Changes to the United States Constitution have the primary objectives of improving, correcting or revising the original Constitution approved in 1788 (Strauss 45). Article V of the US Constitution declares that an amendment is a part of the US Constitution. This paper describes and explains three ways that the US Constitution changes, which includes formal amendments, judicial interpretation and changing political practices.
Formal amendments take place when a congressperson suggests an amendment to the US Constitution, which must pass both houses by at least a two-third majority (Strauss 125). Therefore, formal amendments take the form of changes or additional tests that become part of the US Constitution. The proposal phase of formal amendments requires approval by a two-thirds supermajority vote by both the Senate and the House of Representatives. Formal amendments can also take place through a joint resolution to amend the US Constitution. Ratification of amendments requires approval by three-fourths of state elected representatives or using ratifying conventions to approve the amendment in three-fourths of states (Strauss 125).
The second way that the US Constitution can change is through judicial interpretation, which takes place when the Supreme Court may interpret the US Constitution in order to change it. For instance, the Supreme Court can decide to broaden the scope of US Constitution or add new provisions through court interpretations in order to handle emerging court cases that are irresolvable using the existing state of the Constitution (Strauss 144). An example is the Roe vs. Wade case; the Supreme Court held that the ninth amendment privacy of protections is applicable to women’s right to abortion.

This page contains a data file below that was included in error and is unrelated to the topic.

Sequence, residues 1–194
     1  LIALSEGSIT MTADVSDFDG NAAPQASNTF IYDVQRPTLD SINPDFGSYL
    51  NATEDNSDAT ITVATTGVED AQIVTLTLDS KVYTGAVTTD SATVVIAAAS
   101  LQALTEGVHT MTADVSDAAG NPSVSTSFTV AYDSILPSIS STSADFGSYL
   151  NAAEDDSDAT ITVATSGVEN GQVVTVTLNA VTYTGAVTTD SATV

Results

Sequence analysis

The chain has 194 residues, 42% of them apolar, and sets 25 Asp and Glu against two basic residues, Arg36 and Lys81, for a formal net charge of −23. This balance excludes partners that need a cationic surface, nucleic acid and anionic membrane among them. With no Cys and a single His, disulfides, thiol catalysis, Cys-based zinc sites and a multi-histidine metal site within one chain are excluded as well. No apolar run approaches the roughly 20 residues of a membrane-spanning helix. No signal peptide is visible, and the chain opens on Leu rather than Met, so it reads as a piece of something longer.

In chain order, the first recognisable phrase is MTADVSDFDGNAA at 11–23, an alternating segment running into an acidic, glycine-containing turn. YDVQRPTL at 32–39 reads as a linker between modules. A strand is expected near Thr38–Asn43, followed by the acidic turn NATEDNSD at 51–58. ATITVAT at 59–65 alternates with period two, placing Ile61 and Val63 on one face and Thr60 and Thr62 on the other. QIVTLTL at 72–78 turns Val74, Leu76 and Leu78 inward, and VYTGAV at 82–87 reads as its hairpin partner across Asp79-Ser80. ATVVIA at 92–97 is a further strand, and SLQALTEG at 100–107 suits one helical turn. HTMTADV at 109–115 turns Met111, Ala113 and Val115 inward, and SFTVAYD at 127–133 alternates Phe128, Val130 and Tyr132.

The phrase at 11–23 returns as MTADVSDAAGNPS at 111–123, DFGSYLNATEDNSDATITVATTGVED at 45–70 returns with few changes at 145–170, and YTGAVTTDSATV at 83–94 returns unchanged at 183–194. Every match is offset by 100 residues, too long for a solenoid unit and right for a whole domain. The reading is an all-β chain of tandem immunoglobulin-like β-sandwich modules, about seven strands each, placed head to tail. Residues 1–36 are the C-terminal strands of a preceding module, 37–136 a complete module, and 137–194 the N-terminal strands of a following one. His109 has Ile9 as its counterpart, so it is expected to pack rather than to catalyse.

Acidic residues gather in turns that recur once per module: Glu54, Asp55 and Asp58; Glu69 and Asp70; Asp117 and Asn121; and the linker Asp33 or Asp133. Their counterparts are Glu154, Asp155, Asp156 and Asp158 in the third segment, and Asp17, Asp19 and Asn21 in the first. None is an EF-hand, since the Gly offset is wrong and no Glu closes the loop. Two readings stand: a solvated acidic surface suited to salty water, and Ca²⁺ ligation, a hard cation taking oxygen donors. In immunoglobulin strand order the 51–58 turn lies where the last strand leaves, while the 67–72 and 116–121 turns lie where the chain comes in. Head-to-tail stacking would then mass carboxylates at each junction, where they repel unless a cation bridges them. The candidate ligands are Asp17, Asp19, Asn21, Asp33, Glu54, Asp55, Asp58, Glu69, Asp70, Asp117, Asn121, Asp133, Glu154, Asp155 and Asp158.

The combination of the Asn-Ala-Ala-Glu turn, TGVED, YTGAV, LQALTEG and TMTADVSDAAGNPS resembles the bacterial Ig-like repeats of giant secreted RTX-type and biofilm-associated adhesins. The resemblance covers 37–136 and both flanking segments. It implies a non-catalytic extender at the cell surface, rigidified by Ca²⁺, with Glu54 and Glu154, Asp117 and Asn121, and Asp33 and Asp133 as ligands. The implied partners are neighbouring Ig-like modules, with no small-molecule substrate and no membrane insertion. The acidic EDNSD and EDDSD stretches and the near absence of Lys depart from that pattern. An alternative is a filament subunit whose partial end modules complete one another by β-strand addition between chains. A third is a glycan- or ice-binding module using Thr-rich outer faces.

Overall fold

Changing political practices can also change the US Constitution, this because the manner in which the US Constitution sets up institutions leads to the emergence of new elements of the political system (Strauss 125). For instance, the political system comprises of a two-party system since because of the manner in which the Constitution establishes winner-take-all elections.
In conclusion, the US Constitution changes through formal amendments, judicial interpretation and changing political practices. Formal amendments require approval by a two-thirds supermajority vote by both the Senate and the House of Representatives. Judicial interpretation takes place when the Supreme Court may interpret the US Constitution in order to change it.
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